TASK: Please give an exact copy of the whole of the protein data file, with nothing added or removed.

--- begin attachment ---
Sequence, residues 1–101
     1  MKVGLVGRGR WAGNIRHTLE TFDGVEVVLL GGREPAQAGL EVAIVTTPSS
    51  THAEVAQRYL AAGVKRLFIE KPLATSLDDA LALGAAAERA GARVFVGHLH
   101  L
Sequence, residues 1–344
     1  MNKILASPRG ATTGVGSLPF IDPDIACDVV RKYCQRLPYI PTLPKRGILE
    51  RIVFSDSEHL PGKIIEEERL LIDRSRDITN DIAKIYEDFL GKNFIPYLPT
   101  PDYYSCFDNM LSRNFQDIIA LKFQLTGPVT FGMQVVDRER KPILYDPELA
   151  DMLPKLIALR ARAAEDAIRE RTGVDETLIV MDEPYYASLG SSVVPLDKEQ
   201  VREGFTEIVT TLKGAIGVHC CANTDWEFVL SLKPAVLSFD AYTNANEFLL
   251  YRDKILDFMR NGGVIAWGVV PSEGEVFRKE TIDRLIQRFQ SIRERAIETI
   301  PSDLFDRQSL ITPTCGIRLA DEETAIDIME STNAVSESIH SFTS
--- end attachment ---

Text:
Sequence, residues 1–101
     1  MKVGLVGRGR WAGNIRHTLE TFDGVEVVLL GGREPAQAGL EVAIVTTPSS
    51  THAEVAQRYL AAGVKRLFIE KPLATSLDDA LALGAAAERA GARVFVGHLH
   101  L
Sequence, residues 1–344
     1  MNKILASPRG ATTGVGSLPF IDPDIACDVV RKYCQRLPYI PTLPKRGILE
    51  RIVFSDSEHL PGKIIEEERL LIDRSRDITN DIAKIYEDFL GKNFIPYLPT
   101  PDYYSCFDNM LSRNFQDIIA LKFQLTGPVT FGMQVVDRER KPILYDPELA
   151  DMLPKLIALR ARAAEDAIRE RTGVDETLIV MDEPYYASLG SSVVPLDKEQ
   201  VREGFTEIVT TLKGAIGVHC CANTDWEFVL SLKPAVLSFD AYTNANEFLL
   251  YRDKILDFMR NGGVIAWGVV PSEGEVFRKE TIDRLIQRFQ SIRERAIETI
   301  PSDLFDRQSL ITPTCGIRLA DEETAIDIME STNAVSESIH SFTS